But the questions remained: Would the American people accept the strange new requirements of this type of war? Would they allow the deployment of nuclear weapons across the country? Even strategist Herman Kahn, known for obtuse and fantastical thinking about nuclear weapons and strategy, understood this anomaly. “If somebody ten years ago had said that in the mid-’60s we would be living with thousands of nuclear missiles poised on either side,” he wrote in 1961, “we would have said ‘You’re crazy. It’s too dangerous.’” Yet in 1960 this is precisely what the U.S. Air Force had planned. And White knew it. Clearly this was going to be a complicated “sell.”

The Minuteman was not the first weapon featured in advertisements, magazine stories, and publicity tours. But promotion for these missiles was exceptional—and revealing—in a number of ways. The missiles introduced Americans to the nuclear space age and also required unprecedented levels of civilian engagement. For the first time, Americans would be asked to live next door to weapons of war. In promoting its latest missile system, then, the Air Force had many concerns with which to contend: Could the Air Force convince the Pentagon and Congress of the importance of nuclear missiles without eliciting larger public fears? Would Americans accept weapons of mass destruction in the heartland? Was it possible to promote a missile system that, in the end, was to be hidden away? How could you sell the population on a strategy that they were meant to forget?

While the outline of the Minuteman program has been described in numerous Air Force publications, the public presentation of the missile itself has been overlooked by scholars. But the publicity was critical, not only in getting the system built, but also in bringing Americans on board with the idea of nuclear deterrence and the Cold War. The missiles were presented to the American public as a panacea to Cold War security needs. A mere pencil-and-paper sketch in the fall of 1957, the Minutemen were rushed through development precisely as the nation was undergoing a massive reconsideration of weapons and war. In October 1957, the Soviets launched Sputnik into orbit. The era of push-button war was at hand, but it was not the Americans who controlled the lead. “Missile gap” hysteria was not far behind. Over the next few years Americans were repeatedly, though erroneously, warned that the Soviets would soon wield missile superiority, an advantage that purportedly would lead them to launch a preemptive nuclear strike against the United States. Many members of the Air Force Association and the U.S. Air Force encouraged these fears.

Just as Sputnik was more than a beeping ball in orbit, the Minutemen were much more than strategic weapons. The Minutemen and the ways they were sold to the public helped inure the country to an extraordinary military landscape. The missiles were not built in a vacuum, but took careful account of public concerns as well as economic and political pressures. Only in understanding these relationships does the Minuteman program, and the nuclear arms race it was so integral to, make sense. Nothing in September 1957 pointed to the installation of 1,000 thermonuclear warheads across the United States. But just three years later, during the Air Force Association Convention, Minuteman planners were hoping for a force as much as ten times that amount. No one seemed to blink.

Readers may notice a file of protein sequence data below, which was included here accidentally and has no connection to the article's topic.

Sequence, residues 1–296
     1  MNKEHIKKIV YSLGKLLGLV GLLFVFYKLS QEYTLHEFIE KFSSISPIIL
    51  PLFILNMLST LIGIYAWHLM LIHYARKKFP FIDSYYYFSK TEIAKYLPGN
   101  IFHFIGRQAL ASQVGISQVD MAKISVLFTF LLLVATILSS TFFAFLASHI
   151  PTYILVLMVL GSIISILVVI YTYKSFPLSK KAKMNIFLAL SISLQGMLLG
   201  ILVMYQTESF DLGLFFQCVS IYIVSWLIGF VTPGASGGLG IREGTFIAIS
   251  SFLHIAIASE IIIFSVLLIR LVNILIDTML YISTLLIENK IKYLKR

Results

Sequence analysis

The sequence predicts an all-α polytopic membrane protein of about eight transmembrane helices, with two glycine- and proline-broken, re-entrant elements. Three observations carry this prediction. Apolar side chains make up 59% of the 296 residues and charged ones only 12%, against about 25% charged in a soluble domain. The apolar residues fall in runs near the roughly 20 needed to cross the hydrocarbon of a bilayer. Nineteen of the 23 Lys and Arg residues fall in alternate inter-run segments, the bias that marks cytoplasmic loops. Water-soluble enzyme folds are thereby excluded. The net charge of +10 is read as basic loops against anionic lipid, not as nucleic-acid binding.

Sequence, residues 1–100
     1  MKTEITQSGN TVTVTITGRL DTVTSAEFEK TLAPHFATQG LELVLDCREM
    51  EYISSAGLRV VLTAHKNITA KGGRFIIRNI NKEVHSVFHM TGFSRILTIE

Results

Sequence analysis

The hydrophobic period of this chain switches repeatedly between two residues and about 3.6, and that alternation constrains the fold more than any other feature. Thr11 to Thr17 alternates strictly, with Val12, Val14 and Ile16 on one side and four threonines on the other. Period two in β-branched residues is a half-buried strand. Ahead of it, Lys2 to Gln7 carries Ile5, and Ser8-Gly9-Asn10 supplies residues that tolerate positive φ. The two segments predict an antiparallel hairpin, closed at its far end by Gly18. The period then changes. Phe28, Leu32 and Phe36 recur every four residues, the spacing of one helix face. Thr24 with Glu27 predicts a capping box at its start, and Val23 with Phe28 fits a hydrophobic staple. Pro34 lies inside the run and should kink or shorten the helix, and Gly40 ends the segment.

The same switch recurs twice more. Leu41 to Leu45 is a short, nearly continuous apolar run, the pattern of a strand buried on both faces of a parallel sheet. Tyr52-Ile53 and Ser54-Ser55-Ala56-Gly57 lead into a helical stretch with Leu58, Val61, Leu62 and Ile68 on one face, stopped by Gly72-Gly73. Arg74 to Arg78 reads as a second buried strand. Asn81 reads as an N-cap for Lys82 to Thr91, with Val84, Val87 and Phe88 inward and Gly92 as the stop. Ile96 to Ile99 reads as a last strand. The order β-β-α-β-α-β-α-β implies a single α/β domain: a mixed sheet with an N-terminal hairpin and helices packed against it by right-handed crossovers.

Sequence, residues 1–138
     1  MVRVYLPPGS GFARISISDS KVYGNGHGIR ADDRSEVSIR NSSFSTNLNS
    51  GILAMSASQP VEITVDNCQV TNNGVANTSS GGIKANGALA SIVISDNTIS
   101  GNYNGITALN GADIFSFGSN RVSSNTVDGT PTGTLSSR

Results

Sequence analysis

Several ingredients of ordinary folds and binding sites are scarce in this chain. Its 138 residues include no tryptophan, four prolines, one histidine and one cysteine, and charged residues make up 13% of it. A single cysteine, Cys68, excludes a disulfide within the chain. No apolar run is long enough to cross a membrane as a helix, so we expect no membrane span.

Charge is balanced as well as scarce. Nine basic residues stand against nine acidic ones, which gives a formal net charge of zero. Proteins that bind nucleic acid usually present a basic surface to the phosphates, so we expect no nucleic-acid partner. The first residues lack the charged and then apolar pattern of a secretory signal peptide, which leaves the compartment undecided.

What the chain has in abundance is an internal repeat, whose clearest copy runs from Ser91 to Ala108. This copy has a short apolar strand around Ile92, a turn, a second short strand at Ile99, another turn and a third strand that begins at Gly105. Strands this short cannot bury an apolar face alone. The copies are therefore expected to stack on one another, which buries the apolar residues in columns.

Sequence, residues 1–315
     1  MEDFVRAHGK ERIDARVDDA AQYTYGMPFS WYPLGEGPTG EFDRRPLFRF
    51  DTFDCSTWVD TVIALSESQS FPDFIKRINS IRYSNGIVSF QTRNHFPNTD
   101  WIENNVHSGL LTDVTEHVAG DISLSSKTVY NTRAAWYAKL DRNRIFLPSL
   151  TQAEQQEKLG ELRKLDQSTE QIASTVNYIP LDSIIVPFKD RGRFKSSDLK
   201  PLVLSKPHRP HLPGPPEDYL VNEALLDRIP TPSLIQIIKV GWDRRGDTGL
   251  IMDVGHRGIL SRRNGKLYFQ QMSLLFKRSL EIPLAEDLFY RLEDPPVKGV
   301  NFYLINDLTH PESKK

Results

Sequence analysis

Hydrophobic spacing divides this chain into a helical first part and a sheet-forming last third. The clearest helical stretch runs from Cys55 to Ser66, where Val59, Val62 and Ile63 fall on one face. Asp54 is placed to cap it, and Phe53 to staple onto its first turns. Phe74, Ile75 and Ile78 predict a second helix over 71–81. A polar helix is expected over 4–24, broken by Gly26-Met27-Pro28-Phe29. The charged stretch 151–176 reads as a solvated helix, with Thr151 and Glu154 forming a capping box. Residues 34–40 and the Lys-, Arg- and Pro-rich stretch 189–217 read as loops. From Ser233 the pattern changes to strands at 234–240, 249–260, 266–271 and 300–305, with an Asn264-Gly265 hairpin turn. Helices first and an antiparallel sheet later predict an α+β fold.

Part of the reason the Minutemen were pushed forward so quickly was that in the late 1950s they seemed to provide answers for yawning strategic and political questions. In fact just about everyone with an interest in missiles had some claim to the newest system. Congress needed it to fill the missile gap; the American public needed it to assuage their fears of Soviet military superiority; Eisenhower needed it to quiet those unfounded national concerns about strategic inferiority; in 1961 the new Kennedy administration needed it so as not to look feckless and weak; and all the while the Air Force needed it to keep its status as primary deterrent force. For a time the Minutemen were allowed to fill all of these needs; there were few real limitations on the imagining of the system and therefore few restraints on its development. Well into the early 1960s, the Minuteman program had no specific deployment numbers. Tellingly, from development in 1958 through the start of deployment in 1962, no one was certain how many missiles would be built—600? 1,000? 10,000? When the Joint Chiefs of Staff finally tried to reconcile Minuteman force levels in the fall of 1959, they noted warily the absence of basic statistics that would make their job possible. Not until 1964 did Secretary of Defense Robert McNamara sit down and set the outer limit: 1,000, a number arrived at not through careful consideration but through compromise and because it was a nice round figure. In the Minuteman program this ambiguity is precisely what allowed the perception of the missile’s inexpensiveness to prevail for so long. No firm numbers, no clear performance data, and no real cost estimates were available. It was because of this general failure to articulate clear and consistent strategic and operational needs that the Minuteman’s inexpensiveness would be seriously and irrevocably compromised. The ambiguity also allowed the missiles to fulfill, however erroneously, the desires of nearly everyone. It was the “ultimate weapon,” Reader’s Digest’s “missile that closed the gap,” and President Kennedy’s “ace in the hole.”

To understand how and why this happened with little opposition, we first have to go back to the days when the Minutemen were on the drawing board. When the Air Force Ballistic Missile Division (BMD) began work on the Minuteman, no one yet realized that the missiles would have to fulfill surprising cultural functions.